Thanks to new funding from the National Institutes of Health (NIH), the College of Public Health’s Saffran Conference continues its tradition this month as a unique opportunity for professionals and students from around the world to discuss topics related to the cognitive neuroscience of communication disorders.
Founded in 2005, the conference is an annual two-day program hosted by the Department of Communication Sciences and Disorders. This year’s event takes place on Sept. 15 and 16.
When Roger Ideishi sent his graduate students into the Philadelphia community more than a decade ago to identify areas of need, they found a huge gap in access for families of children with disabilities.
It goes without saying that riding a bicycle is good exercise, and research today suggests it’s also beneficial for a person’s mental health. Now, two researchers from the Therapeutic Recreation program in the College of Public Health are taking that idea for a ride, and opening a new path for people who don't often get to travel on two wheels.
Three junior researchers at the college were awarded grants for their upcoming athletics research projects.
Caitlin LaGrotte, a postdoctoral fellow working at the College of Public Health’s Center for Obesity Research and Education (CORE), received a one-year, $5,000 grant from the American Athletic Conference. The award funds her research on the relationship between psychosocial functioning (such as time demands and eating and sleeping behaviors) on academic and athletic performance in Temple University student athletes.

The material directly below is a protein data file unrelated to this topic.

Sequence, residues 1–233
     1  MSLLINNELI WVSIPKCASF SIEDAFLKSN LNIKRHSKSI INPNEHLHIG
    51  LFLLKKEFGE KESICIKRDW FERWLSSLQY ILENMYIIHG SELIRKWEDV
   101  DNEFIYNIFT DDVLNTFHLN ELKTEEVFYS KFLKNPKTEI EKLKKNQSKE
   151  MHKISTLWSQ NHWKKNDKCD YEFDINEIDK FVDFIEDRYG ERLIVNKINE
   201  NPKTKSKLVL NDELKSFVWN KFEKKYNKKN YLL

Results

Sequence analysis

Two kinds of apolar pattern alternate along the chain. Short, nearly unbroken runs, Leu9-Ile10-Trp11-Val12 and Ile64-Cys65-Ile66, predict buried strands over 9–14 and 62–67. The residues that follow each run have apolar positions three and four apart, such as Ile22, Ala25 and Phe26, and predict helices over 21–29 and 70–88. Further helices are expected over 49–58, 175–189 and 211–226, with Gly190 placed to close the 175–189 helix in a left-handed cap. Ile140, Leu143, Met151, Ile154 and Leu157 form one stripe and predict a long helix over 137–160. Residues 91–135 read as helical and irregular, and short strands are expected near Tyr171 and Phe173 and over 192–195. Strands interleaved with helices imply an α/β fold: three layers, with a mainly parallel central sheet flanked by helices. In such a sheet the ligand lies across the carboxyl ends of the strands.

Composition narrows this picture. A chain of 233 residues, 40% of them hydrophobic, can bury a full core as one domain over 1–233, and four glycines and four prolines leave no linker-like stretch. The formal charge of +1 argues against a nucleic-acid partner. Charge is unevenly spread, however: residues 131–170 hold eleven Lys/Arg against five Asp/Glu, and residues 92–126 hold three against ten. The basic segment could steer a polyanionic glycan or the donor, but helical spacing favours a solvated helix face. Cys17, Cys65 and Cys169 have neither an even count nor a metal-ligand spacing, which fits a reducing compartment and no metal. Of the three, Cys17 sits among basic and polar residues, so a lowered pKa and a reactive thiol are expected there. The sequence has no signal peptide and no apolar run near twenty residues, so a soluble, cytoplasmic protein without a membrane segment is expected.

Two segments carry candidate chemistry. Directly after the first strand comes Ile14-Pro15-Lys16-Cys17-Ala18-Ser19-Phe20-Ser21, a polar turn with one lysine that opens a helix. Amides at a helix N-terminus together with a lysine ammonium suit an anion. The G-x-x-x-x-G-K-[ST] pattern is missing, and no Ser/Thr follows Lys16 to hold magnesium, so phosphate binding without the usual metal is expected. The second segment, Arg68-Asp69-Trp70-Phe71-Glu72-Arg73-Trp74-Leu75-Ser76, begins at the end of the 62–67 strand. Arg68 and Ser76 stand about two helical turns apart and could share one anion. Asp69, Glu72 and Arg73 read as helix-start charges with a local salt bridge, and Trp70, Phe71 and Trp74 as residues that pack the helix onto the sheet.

Every year, Temple University hosts Speak Now, a one-week summer camp for children and teens who stutter. The camp is run by graduate and undergraduate students in the College of Public Health's Communication Sciences and Disorders program who are training to become speech-language pathologists.
Check out our video from this year's Speak Now camp:
Temple University’s College of Public Health has been awarded a grant by the American Cancer Society as part of the university’s inclusion in the society’s Tobacco-Free Campus Generation Initiative—an initiative that provides grants to accelerate and expand the adoption and implementation of smoke- and tobacco-free policies on college and university campuses. Temple is now one of 64 universities nationwide working toward the goal of a 100% tobacco-free campus.
Although autism spectrum disorder (ASD) can be identified in children as young as 18 months, the median ages for diagnosis are 48 months for autism and 75 months for Asperger syndrome. That time gap can make a big difference.